I don’t often write or talk about singleness, especially with respect to much of what is being portrayed via the arts, literature, lecture halls, and spoken word venues. I’m too busy living a full life to concern myself with caricatures, misconceptions, and intentional distortions both within and outside of Christendom. Much of the Christian content dealing with singleness misses the point. The world would be better off if we simply stopped publishing expert opinions and began listening to real people.
Life is hard, single or not. Work must be done to earn a living and maintain a healthy household environment. Decisions must be made. About career, education, financial choices, how to spend time, how to recognize and obey God’s call to minister.
In some ways my life is simple. I work, I minister, I sleep. Then I work and minister some more until it is time to sleep again. In other ways it’s complex. I try to maintain friendships, but life is busy. People grow distant. Friends can sometimes regress into mere acquaintances. Friendship takes a lot of work and if you are an introvert like me, one or two dismissals is all it takes for you to get the message that it’s time to move on.
In the last five years I’ve carved out healthy margin in my life. I get my sleep. I’m able most weeks to relax sufficiently to counterbalance a physically demanding job. It took finishing academic work and firing myself as Children’s Pastor to make it happen, but I am glad I did it.
Many well meaning people have shared with me their opinions about my singleness over the years. Not a single one of them has understood me or correctly evaluated my needs. Too bad they didn’t take the time to listen. It might have saved them a world of disappointment in my failure to live up to their expectations. They said things like:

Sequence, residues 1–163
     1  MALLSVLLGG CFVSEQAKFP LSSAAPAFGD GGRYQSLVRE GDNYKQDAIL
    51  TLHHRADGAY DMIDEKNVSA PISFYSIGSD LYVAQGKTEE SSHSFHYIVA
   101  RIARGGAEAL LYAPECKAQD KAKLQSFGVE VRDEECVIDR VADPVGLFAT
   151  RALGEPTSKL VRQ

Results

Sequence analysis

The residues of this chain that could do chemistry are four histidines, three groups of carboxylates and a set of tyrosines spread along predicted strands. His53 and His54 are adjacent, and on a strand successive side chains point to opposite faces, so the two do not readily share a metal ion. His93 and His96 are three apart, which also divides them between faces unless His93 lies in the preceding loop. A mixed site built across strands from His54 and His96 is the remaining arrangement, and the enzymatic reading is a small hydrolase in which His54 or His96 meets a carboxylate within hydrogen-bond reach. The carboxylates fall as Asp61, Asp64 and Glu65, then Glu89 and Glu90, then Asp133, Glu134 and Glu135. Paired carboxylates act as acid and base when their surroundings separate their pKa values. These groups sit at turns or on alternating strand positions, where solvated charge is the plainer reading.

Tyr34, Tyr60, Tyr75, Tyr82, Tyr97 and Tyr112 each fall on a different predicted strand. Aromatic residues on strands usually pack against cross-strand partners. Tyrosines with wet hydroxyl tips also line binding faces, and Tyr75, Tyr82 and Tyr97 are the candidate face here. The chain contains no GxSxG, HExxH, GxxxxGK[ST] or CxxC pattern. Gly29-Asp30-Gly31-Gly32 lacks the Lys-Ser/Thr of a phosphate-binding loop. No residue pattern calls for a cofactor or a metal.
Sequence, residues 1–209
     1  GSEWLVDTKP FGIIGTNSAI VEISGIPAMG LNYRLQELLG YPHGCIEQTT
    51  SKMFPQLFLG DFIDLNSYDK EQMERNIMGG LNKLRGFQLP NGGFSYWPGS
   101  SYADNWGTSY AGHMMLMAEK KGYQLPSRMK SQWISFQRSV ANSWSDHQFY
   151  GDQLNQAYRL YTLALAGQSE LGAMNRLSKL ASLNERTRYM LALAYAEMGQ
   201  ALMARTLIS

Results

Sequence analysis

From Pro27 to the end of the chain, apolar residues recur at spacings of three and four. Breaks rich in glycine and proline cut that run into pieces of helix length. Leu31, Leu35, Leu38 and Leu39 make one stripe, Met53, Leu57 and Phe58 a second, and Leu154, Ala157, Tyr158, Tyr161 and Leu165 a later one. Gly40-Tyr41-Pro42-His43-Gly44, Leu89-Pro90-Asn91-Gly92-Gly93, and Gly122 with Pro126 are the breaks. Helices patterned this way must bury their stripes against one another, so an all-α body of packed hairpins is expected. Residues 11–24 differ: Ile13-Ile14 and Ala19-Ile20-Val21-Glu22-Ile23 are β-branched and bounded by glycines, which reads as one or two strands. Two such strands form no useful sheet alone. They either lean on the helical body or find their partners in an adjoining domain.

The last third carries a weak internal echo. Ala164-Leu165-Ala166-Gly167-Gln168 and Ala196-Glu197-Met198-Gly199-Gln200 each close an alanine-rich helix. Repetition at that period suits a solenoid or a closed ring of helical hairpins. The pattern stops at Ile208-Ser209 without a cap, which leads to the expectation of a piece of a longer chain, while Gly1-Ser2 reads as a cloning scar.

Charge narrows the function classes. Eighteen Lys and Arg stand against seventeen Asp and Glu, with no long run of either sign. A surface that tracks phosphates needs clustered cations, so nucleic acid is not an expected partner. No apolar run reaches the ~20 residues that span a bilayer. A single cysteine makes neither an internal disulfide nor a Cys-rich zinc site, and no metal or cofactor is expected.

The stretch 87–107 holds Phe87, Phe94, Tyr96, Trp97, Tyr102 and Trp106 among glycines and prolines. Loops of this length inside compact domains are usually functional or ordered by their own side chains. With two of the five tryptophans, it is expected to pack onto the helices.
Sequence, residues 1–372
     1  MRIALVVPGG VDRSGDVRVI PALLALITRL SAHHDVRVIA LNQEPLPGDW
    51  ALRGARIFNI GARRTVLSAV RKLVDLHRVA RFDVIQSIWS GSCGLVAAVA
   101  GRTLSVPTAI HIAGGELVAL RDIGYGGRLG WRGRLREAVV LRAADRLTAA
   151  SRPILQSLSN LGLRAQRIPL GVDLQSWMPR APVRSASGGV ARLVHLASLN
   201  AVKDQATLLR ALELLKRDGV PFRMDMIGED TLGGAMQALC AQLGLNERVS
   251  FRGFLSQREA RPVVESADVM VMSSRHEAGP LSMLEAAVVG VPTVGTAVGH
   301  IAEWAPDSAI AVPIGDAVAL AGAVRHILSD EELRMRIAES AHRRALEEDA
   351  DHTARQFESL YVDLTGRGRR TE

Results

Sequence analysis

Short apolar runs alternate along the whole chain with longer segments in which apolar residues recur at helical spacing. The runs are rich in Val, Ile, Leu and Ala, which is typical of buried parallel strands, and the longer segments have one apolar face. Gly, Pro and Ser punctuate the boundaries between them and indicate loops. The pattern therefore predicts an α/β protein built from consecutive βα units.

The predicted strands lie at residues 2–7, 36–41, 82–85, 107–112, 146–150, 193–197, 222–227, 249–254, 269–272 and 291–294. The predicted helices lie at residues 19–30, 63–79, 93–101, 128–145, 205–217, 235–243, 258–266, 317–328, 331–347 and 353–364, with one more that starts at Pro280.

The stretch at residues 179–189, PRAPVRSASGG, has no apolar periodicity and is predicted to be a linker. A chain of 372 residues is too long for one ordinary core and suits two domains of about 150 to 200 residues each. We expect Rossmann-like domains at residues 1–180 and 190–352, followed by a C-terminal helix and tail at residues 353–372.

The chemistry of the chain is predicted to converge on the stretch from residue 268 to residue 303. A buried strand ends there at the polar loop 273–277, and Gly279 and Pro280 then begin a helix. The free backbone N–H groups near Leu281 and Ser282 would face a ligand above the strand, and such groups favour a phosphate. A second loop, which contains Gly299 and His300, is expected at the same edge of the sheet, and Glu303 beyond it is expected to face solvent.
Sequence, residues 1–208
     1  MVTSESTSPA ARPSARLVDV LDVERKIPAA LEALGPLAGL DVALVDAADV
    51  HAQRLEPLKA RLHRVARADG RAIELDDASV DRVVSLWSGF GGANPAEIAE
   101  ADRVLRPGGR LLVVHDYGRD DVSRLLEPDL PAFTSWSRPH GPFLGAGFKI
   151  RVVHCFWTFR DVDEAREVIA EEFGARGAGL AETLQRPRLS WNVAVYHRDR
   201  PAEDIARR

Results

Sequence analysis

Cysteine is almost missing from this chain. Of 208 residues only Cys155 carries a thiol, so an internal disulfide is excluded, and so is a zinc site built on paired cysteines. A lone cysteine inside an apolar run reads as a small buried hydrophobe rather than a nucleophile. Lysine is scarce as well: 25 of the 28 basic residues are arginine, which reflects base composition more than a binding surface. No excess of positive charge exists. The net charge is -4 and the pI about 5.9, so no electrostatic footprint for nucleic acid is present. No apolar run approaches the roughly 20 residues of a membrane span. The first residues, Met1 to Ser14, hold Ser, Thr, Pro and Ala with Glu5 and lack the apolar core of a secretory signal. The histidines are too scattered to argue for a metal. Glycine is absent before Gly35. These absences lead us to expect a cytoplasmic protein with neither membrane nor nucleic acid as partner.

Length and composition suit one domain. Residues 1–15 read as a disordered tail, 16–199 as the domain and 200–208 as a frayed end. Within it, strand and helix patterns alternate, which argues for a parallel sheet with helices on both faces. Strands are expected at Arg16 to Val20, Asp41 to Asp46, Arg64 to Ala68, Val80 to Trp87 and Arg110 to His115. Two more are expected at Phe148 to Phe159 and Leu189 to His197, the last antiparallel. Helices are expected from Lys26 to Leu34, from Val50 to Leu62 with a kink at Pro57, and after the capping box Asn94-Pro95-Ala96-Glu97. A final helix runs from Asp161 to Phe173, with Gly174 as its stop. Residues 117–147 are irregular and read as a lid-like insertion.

Them: “Wow, Glen. You must have the gift of singleness! That’s amazing. I guess that means you will be able to do a lot more for the church.”
Me: How do I respond to that graciously? First, what is the gift of singleness? Is it written about in the same biblical context as the gift of marriage? Show me in the Bible where a person is given a spiritual dispensation to live as a godly single. We are no different than married people, including the fact that we need God’s special grace and wisdom to focus our thinking and actions so that we honor Christ rather than succumb to inappropriate sexual temptations.
As for ministry availability, my service is to Christ, not strictly to a local church community, although that is the context of my primary spiritual covering. For most of my life, much of my ministry has taken place far from a church campus out in the marketplace, workplace, and the various iterations of online communication.
Them: “God told me that he will soon reveal the person he has for you. Here’s a book. Read it and if you want to talk about it please contact me.”
Me: Oh really? How come he hasn’t told me? Thanks for the book. I’m sure I will recommend it to someone who needs it.
Them: “When are you going to settle down?”
Me: When God decides it is time for me to go to heaven to take up residence in one of his rooms he is preparing for me.
I’m all for marriage. In fact I’m pro marriage. Next to committing your life to follow Jesus Christ, it is the most profound covenant a person can make. I admire those who do so and follow through on their covenant faithfully. I don’t know why it is not my path, only that I must obey Jesus to the end of my days.
My days grow shorter with each passing moment. I choose to live them in Christ honoring fullness. No angst. No regrets. Full of joy.
I may be alone in the natural. But since I am in Christ, I am his and he is mine. What more do I need?